Aim: The aim was to develop and pilot test the sustainable implementation scale (SIS) for measuring the critical components in the sustainable implementation of community mental health services.

    Method: The scale was based on implementation research and consisted of three subscales regarding (1) the organisational level, (2) the team level and (3) continuous support. Data from interviews and documents were collected from 14 programmes implementing the Individual Placement and Support model of supported employment.

    Results: Internal consistency was acceptable for all subscales and for the scale as a whole. Regarding the scale, an analysis of the differences between fully established programmes and the programmes that were not established or were or only partially established after three years showed statistically significant differences, indicating that a greater number of implementation components were present in the fully established programmes.

    Conclusions: SIS showed both good reliability and acceptable internal consistency as well as the ability to predict programme survival.

  • 4.
    Rosenberg, David
    et al.
    Umeå University, Faculty of Social Sciences, Department of Social Work.
    Schön, Ulla-Karin
    Nyholm, Maria
    Grimm, Katarina
    Svedberg, Petra
    Shared decision making in Swedish community mental health services: an evaluation of three self-reporting instruments2017In: Journal of Mental Health, ISSN 0963-8237, E-ISSN 1360-0567, Vol. 26, no 2, p. 142-149Article in journal (Refereed)
    Abstract [en]

    Background: Despite the potential impact of shared decision making on users satisfaction with care and quality in health care decisions, there is a lack of knowledge and skills regarding how to work with shared decision making among health care providers. Aim: The aim of this study was to evaluate the psychometric properties of three instruments that measure varied dimensions of shared decision making, based on self-reports by clients, in a Swedish community mental health context. Method: The study sample consisted of 121 clients with experience of community mental health care, and involved in a wide range of decisions regarding both social support and treatment. The questionnaires were examined for face and content validity, internal consistency, test-retest reliability and construct validity. Results: The instruments displayed good face and content validity, satisfactory internal consistency and a moderate to good level of stability in test-retest reliability with fair to moderate construct correlations, in a sample of clients with serious mental illness and experience of community mental health services in Sweden. Conclusions: The questionnaires are considered to be relevant to the decision making process, user-friendly and appropriate in a Swedish community mental health care context. They functioned well in settings where non-medical decisions, regarding social and support services, are the primary focus. The use of instruments that measure various dimensions of the self-reported experience of clients, can be a key factor in developing knowledge of how best to implement shared decision making in mental health services.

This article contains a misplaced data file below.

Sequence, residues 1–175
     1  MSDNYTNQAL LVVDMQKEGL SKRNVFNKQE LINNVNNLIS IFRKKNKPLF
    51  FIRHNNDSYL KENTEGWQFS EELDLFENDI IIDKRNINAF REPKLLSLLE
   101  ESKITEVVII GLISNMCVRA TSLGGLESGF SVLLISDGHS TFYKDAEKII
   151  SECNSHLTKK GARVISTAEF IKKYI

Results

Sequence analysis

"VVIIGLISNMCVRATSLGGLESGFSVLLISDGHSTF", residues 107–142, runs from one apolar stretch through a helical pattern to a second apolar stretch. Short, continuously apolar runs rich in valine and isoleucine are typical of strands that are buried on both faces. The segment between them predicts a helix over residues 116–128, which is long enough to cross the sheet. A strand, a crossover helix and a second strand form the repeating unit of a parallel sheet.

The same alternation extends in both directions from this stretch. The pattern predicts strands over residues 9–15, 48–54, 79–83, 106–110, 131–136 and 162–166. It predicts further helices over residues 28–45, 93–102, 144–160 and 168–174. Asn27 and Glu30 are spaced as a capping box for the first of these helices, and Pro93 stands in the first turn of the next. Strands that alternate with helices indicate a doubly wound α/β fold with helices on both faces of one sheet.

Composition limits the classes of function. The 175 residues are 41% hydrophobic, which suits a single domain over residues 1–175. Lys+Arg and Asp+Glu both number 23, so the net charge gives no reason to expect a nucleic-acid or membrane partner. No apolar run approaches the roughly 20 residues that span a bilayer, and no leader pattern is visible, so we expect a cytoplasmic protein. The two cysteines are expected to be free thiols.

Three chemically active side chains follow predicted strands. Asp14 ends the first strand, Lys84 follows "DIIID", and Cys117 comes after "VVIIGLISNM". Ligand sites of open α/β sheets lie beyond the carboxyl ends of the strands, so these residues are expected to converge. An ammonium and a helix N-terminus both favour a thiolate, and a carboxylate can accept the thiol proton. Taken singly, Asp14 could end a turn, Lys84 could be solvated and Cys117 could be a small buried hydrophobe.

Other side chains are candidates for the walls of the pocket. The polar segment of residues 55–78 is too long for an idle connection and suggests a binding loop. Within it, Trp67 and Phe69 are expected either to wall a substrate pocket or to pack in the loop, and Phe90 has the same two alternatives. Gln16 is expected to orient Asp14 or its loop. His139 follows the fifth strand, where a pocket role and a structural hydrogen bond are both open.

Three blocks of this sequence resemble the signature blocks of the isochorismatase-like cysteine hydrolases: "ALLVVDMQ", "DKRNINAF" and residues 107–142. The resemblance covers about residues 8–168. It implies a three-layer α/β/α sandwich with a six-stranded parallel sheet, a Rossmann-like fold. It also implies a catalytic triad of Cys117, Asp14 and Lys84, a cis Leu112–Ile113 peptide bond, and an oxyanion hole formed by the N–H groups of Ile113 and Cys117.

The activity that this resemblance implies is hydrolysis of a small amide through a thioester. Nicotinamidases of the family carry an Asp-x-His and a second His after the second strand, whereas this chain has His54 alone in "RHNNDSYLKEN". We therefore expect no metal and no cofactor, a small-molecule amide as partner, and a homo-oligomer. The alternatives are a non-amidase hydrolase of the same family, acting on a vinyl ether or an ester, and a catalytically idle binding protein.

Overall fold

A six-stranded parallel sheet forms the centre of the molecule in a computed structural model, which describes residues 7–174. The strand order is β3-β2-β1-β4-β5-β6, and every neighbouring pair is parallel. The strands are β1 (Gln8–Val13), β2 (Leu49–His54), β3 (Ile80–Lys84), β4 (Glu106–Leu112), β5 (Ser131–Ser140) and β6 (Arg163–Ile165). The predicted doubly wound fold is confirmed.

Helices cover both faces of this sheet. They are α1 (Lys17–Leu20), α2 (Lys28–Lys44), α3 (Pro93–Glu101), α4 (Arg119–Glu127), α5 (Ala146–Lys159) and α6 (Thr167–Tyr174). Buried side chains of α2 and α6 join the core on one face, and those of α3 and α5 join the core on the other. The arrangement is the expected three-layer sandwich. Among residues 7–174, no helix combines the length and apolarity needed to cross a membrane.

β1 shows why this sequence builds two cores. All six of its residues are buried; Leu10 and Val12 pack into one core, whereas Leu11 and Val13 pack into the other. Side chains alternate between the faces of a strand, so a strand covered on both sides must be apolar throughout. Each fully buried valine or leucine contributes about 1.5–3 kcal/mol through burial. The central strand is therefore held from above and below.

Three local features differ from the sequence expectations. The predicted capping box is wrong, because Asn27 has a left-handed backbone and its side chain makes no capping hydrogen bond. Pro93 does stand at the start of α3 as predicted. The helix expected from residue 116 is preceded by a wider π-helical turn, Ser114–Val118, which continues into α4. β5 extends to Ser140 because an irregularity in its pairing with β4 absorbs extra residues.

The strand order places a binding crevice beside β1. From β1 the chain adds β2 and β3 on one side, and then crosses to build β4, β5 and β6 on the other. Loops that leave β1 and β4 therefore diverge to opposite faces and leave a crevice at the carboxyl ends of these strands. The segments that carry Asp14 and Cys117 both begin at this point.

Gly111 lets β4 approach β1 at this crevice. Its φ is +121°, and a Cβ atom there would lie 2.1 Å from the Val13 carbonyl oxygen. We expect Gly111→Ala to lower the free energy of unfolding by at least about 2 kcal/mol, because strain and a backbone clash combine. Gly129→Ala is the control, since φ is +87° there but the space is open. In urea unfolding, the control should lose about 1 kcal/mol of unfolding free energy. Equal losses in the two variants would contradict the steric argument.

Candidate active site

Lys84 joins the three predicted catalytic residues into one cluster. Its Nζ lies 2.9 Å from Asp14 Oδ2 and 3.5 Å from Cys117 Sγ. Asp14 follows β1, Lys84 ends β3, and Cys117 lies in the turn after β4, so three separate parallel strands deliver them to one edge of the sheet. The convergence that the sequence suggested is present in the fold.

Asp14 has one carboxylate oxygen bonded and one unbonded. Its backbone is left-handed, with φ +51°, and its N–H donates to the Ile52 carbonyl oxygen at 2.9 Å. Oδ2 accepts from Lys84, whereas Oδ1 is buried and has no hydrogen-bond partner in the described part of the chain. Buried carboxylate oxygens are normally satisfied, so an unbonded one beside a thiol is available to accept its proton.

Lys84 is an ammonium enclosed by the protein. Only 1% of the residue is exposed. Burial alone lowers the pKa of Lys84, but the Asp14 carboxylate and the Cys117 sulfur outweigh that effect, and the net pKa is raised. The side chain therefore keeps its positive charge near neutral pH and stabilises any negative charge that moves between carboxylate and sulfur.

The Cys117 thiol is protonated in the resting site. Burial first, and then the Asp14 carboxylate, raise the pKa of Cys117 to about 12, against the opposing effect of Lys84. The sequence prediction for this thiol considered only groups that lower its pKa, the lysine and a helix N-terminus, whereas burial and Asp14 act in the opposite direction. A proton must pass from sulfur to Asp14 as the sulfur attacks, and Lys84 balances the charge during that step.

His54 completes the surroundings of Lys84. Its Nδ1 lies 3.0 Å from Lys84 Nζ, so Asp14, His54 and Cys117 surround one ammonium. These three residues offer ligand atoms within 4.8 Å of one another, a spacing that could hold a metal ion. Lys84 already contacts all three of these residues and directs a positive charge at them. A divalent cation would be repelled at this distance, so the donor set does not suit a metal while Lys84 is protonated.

• 5.
    Schön, Ulla-Karin
    et al.
    Dalarna Högskola.
    Rosenberg, David
    Umeå University, Faculty of Social Sciences, Department of Social Work.
    Transplanting recovery: research and practice in the Nordic countries2013In: Journal of Mental Health, ISSN 0963-8237, E-ISSN 1360-0567, Vol. 22, no 6, p. 563-569Article in journal (Refereed)
    Abstract [en]

    Background: The conceptual framework which describes recovery from mental illness is based primarily on studies conducted in English-speaking countries. Knowledge and development of recovery orientation within other cultures and mental health systems is still limited. 

    Aim: The aim of this study was to compile, describe and discuss the research on personal recovery and recovery-oriented practice within the psychiatric and social fields in the Nordic countries. 

    Method: A systematic literature review of Nordic research on recovery from mental illness. 

    Results: The research literature is limited, and primarily replicates designs and confirms findings first presented in studies conducted in the USA and Great Britain. The majority of the studies are qualitative, and point to the importance of social relations, environmental factors and peer support. 

    Conclusions: There is a need to identify and describe factors in Nordic mental health systems that may influence the recovery process. A corresponding challenge will be to translate and further develop outcome indicators that can promote a recovery-oriented health system.